Board puts off vote on allergy policy

Posted on: Mon, 05/16/2005 - 8:51pm
synthia's picture
Joined: 10/05/2002 - 09:00

Board puts off vote on allergy policy
By Geoff Mosher / Daily News Staff
Tuesday, May 17, 2005

WALPOLE -- Faced with a battery of complaints from parents, the School Committee last night postponeda vote on its new policy for students with life-threatening allergies.

"With the information we received tonight, it's probably the smartest thing to take a look at what we have," said School Committee Chairman Ed Thomas, who instructed parents with concerns about the policy to put them in writing and forward them to schools Superintendent Kathleen Smith.

"That would help us to formulate our ideas and what we want to do," Thomas said.

About a dozen parents whose children have life-threatening allergies attended last night's meeting to explain the policy's shortcomings or say they support school officials including their feedback in a revised policy.

Alice O'Brien, whose 12-year-old son has peanut and walnut allergies, said, "When I dropped my son off at pre-school, I didn't cry because I would miss him. I cried because I was worried he wouldn't come home alive."

Drew Feng, whose son is severely allergic to peanuts, said, "It's a very emotional issue. We'd just like to have a voice on this."

Fiona Murphy, whose 6-year-old daughter is severely allergic to peanuts and sesame seeds, asked the committee to delay its vote and consider the concerns of parents like herself.

"The draft policy, as written, does not offer a comprehensive plan that sufficiently protects the safety of our children...nor does it adequately protect the school district from liability," Murphy said.

[b] She presented the committee with about 50 pages of documentation, which she said shows how the six-page policy does not comply with federal laws such as the Americans with Disabilities Act and Section 504 of the Rehabilitation Act, which both define students with life-threatening allergies as "disabled." She said the policy also falls short of specific guidelines from the Department of Public Health and the Department of Education. [/b]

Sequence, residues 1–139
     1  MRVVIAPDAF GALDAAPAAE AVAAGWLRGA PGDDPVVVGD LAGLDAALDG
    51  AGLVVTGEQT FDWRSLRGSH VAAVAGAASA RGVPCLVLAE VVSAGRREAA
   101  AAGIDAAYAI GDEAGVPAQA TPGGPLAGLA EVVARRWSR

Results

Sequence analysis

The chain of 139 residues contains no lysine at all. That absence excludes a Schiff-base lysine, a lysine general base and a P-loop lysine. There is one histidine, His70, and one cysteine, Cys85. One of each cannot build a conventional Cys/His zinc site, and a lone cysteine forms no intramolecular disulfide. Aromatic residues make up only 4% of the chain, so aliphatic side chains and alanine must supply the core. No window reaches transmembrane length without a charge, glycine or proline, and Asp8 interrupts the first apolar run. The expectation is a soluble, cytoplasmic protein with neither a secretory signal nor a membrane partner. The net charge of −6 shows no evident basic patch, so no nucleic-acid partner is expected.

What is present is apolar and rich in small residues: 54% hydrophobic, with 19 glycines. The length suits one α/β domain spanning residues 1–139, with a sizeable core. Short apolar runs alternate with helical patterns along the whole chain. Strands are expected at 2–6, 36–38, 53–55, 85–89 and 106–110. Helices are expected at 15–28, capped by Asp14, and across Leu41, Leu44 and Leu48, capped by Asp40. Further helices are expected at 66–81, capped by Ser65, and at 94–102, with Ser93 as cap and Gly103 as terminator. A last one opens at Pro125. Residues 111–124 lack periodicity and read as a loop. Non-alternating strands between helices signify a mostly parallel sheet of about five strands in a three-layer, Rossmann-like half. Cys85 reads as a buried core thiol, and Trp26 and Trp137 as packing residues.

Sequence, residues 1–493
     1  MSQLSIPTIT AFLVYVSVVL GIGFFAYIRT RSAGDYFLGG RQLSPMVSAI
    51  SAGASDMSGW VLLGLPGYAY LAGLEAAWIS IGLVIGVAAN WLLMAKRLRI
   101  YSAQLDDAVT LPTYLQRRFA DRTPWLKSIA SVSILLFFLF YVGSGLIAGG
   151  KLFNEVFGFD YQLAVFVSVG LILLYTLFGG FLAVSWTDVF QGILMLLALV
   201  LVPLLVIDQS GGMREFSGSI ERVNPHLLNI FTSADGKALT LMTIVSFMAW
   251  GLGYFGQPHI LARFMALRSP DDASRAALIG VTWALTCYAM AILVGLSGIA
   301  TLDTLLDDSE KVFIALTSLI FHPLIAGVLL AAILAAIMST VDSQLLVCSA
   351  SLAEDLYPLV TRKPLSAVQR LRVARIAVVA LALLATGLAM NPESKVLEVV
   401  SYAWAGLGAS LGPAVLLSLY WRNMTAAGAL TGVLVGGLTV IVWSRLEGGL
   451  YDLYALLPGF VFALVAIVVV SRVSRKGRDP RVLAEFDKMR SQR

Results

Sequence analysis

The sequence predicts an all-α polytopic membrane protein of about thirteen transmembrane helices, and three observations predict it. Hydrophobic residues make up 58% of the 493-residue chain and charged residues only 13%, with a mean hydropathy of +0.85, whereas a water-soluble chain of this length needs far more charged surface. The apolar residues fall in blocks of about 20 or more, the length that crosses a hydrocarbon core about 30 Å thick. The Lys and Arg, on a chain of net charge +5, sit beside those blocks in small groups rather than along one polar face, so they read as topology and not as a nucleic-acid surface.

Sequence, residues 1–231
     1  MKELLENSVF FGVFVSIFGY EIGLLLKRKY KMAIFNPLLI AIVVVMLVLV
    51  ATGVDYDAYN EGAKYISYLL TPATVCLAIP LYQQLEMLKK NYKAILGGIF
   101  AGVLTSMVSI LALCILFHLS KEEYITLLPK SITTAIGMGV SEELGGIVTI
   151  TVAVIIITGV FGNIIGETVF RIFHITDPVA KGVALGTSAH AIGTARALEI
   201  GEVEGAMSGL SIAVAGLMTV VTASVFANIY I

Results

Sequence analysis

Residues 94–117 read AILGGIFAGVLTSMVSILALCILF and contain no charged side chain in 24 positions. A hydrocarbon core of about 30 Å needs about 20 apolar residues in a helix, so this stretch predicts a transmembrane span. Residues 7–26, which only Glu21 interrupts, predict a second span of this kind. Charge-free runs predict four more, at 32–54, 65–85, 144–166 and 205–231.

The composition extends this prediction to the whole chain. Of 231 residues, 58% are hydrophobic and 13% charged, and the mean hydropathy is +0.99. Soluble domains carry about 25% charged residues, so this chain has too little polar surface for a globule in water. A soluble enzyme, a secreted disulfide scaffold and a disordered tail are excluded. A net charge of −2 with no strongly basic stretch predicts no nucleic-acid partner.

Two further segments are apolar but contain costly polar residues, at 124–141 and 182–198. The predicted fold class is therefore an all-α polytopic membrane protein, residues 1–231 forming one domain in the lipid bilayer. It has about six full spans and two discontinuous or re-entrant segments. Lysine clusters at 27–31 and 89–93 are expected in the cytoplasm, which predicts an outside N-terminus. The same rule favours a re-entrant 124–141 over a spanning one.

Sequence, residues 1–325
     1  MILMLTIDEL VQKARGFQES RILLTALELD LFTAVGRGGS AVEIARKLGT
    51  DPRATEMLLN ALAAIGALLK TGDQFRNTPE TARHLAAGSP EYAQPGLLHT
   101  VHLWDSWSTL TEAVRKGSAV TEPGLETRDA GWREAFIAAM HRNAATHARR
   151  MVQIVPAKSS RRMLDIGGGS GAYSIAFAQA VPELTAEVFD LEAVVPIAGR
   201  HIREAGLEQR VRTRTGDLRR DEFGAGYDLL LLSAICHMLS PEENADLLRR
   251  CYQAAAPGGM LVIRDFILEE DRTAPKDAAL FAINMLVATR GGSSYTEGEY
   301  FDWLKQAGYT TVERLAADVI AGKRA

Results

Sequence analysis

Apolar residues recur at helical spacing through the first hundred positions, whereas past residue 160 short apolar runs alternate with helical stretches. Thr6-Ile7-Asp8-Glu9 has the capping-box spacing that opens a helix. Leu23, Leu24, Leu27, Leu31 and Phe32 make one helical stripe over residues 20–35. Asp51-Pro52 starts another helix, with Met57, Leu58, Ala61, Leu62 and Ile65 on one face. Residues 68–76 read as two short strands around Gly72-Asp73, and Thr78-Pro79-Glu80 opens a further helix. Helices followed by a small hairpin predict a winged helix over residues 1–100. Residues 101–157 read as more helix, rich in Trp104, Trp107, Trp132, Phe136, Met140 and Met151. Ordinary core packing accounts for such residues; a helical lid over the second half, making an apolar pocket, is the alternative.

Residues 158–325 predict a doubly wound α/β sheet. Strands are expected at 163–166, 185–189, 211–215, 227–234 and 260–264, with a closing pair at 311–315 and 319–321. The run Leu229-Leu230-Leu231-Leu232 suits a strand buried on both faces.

The six-page policy, developed by a subcommittee, has three stated goals: preventing the occurrence of life-threatening reactions, preparing for allergic reactions and responding appropriately to allergy emergencies that arise. It lists specific responsibilities for the school department and any school staff and volunteers who may come into contact with allergic children, as well as parents and students.

Murphy said the responsibility of teachers "never speaks to the actual implementation of protocols," the after-school section does not provide "adequate" safety protocols, and the recess and physical education class section fails to state what type of training is required for recognizing symptoms, what communication devices will be used and a plan for emergency response.

( Geoff Mosher can be reached at [email][/email] or at 781-433-8368. )

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[This message has been edited by synthia (edited May 17, 2005).]

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